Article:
Bolivia's government, which asserted greater state control over the Andean nation's natural gas sector seven years ago, says it will issue a decree to encourage investment in exploration.
Vice President Alvaro Garcia Linera made the announcement at the inauguration of a gas and oil congress in the eastern city of Santa Cruz, where energy experts from nine countries have gathered.
The incentives are "very important, very attractive" and will help investors make a "extremely rapid return on their investment," he said.
President Evo Morales' government instituted a new tax regime in 2006 that gives the state up to 82 percent of the value of gas production, leaving foreign multinationals with the remaining 18 percent, an overhaul that has made it difficult to attract investment.
Garcia Linera did not provide details on the incentives to be offered, but he said the goal was to attract $500 million worth of investment annually starting this year.
In the seven years since Morales, a leftist and Bolivia's first indigenous president, boosted the state's tax and royalty take, roughly $5.2 billion has been invested in the sector but only about a fifth of the total has been allocated for exploration.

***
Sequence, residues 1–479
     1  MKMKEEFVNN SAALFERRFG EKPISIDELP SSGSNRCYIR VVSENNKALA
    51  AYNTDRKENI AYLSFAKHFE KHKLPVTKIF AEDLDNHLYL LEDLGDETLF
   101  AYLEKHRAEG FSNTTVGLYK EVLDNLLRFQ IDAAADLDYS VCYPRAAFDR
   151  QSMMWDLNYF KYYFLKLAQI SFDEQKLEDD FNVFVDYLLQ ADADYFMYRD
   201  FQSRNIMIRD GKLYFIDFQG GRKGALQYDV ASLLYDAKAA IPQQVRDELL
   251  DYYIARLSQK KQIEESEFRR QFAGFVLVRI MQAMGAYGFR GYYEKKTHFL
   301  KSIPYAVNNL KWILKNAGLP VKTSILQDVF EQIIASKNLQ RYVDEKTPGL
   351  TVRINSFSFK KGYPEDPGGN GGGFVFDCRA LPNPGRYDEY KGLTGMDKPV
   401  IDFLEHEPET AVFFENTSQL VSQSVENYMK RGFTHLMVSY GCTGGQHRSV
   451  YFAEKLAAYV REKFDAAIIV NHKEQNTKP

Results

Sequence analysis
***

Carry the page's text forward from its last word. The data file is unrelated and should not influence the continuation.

The president of the Bolivian Chamber of Hydrocarbons and Energy, or CBHE, Carlos Delius, who is attending the congress, told Efe that his institution received the announcement with "cautious optimism."
The CBHE comprises multinational energy companies operating in Bolivia, including Spain's Repsol, Brazil's Petrobras, France's Total, British Gas and Russia's Gazprom.
Multinational companies, regarded as "service providers" since Morales' 2006 overhaul of the natural gas sector, say they must be given a more important role if the government wants to spur an intensive exploration campaign and make the business sustainable.
Bolivia's proven natural gas reserves were estimated at 11.2 trillion cubic feet in December 2012, up from 9.9 trillion feet three years earlier. EFE